Since August 2012, Trek Medics’ dedicated full-time staff has been working to complete beta-testing for their SMS-based emergency dispatching software, Beacon, with efforts currently focused on the southern coast of Haiti. Beacon addresses response gap by allowing community paramedics to quickly locate, treat, and transport emergency victims from the scene to the hospital.

Another startup, eBrevia was created to assist corporate attorneys, in-house counsel and business executives perform tasks more efficiently.

KeyMe is a cloud-based “keychain” that stores key’s cutting instructions, while Meal Logger is a photo food journal designed to empower people to improve their lifestyle.

What does Wilson look for in a startup founder? “You have to be charismatic,” he said, adding that it’s an important quality to have if you are asking people to fund you.

“I like someone who has a vision who can “get to an opportunity from ‘0 to 60’.”

And if you’re a founder, he said the first five people in a startup is the most critical.

But if having Fred Wilson’s ear is going to help you, well, it depends on what you have to offer him, of course.

Dennis Clemente with Fred Wilson back in November
Dennis Clemente with Fred Wilson back in November

9 app presenters? It’s March Madness at NYTech Meetup

By Dennis Clemente

What if the NY Tech Meetup last March 19 was really about how apps are imitating life. Think of how Ontodia’s pediacities.com is SIM City overlord, helping digital cities of our future through big, linked, open city data, as iRescU.com hovers as an app that leverages social media and crowdsourcing to save lives—your life would be a good start. Imagine locating the nearest defibrillator, for instance, with the flick of the iRescU app.

Schools are multilingual as we know it in the world of clarity.com; teachers communicate with students’ parents in their language through instant real-time translation. What are the parents saying? They’re moving to another house nearby using moveline.com, a simple way to get organized, compare prices and hire movers you can trust. And because you don’t want the movers to get lost, you take photos and post on yext.com, which synchronizes your contact info in every site you have.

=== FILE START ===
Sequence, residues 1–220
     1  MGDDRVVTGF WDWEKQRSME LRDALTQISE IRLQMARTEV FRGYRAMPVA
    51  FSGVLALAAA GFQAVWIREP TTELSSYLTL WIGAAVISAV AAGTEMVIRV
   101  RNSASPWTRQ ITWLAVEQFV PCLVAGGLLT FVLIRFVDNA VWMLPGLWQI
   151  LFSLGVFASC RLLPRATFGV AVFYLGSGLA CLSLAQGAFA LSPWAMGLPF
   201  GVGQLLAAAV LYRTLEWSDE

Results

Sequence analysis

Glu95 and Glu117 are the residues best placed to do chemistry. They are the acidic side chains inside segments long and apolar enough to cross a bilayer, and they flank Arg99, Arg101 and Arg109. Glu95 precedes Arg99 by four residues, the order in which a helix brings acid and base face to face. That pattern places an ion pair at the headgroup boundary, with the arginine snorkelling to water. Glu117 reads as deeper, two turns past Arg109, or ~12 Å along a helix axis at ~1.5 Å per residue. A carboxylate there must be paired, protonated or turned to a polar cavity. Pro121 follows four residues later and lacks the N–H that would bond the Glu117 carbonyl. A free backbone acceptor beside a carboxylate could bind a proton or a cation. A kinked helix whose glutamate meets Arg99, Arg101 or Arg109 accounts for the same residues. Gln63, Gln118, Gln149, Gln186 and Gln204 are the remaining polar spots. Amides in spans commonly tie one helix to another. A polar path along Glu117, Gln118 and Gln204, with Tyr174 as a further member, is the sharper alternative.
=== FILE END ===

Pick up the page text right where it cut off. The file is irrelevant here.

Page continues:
Since the main feature of the mobile phone is the camera, you find yourself taking more photos than usual, because you’re marveling at shutterstock.com’s new color search—and you’re thinking of making an extra dough. Cool, right? Not until you use aviary.com did you realize you can take photos for the moveline movers to know where your monument to Daenerys Targayen should be glorified in your shoebox of a room.

When you arrive in your new abode, you plunk down on the sofa, checking your emails on your tablet on birdseyemail.com. Ah, how stimulating to see your email in gmail—in gorgeous, multi-dimensional folders that suit your very organized, meticulous, app-driven life; have an “appy” life now, okay.

So as you’re sitting down and thinking of unwinding, you check out where your new buddies are on your foursquare.com account. We’re talking pediacities’ Joel Natividad and co-founder Sami Baig; RescU’s Nadine Levick, Nicholas Skipitaris, Stellah Deville; Clarity’s Liang Shi, Volkam Unsal; Moveline’s Kelly Eidson, Frederick Cook; Birdseye’s Adam Salcitt-Gucwa and HJ Kwon; Yext’s Howard Lerman and his spacey shoes, Rich Hong; Shutterstock’s Wyatt Jenkins, Eric Smiling, Josh Black; Aviary’s Chevon Christie, Avi Muchnick; and Foursquare’s Dennis Crowley who just took us back in time four years ago when his company was founded, and how his app has already garnered 3 billion check-ins to this day.

It’s good to know they are all within app reach, but there are a billion more people to reach, more apps to report and remain unpublished. Crowley claims local search is broken, so is searching for publications to publish this piece. Try to solve that. Yes, I know it’s quite a tall order.

You could say an app a day takes you worlds away, but the NYTech certainly takes the cake for having nine presenters in one night, more than any I’ve attended since the beginning of the year and probably enough for Mayor Bloomberg to check if he should impose a sensory limit.

This is March madness!
(Apologies to everyone, this blogger has seasonal colds.)